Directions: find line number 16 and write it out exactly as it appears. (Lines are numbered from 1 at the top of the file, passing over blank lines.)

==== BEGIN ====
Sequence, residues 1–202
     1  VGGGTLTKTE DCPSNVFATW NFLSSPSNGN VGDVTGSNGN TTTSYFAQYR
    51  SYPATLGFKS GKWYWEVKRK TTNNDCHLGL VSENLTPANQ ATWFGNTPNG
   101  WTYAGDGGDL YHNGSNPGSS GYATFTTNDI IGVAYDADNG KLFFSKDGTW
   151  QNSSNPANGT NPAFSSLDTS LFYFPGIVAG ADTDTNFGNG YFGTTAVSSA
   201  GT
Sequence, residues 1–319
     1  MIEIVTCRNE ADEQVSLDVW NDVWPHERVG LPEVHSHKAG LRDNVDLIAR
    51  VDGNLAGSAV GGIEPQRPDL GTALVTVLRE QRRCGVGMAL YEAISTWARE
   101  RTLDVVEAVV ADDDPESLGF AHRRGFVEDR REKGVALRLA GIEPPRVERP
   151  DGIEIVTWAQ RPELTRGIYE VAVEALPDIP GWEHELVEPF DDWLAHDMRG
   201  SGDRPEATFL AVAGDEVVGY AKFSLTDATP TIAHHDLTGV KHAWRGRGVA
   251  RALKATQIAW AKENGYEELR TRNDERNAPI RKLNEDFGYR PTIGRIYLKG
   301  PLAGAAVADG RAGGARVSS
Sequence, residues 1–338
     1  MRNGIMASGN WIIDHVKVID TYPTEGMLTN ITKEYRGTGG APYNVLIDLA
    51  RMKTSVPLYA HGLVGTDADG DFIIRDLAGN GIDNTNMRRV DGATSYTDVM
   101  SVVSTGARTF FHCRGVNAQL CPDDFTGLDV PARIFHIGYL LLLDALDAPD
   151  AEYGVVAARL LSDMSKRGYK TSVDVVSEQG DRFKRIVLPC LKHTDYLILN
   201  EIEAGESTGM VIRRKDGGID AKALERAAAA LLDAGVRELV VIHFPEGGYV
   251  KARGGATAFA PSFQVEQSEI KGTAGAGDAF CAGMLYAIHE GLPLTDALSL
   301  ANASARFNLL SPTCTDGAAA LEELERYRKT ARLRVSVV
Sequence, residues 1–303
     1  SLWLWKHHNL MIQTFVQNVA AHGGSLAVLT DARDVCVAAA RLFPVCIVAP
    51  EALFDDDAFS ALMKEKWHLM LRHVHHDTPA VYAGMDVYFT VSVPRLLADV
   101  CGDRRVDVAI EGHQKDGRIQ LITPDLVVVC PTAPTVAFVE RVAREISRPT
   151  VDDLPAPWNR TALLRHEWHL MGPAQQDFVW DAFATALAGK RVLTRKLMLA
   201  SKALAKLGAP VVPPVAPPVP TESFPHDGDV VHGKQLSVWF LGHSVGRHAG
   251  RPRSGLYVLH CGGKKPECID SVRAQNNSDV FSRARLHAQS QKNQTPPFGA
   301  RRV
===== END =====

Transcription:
     1  MRNGIMASGN WIIDHVKVID TYPTEGMLTN ITKEYRGTGG APYNVLIDLA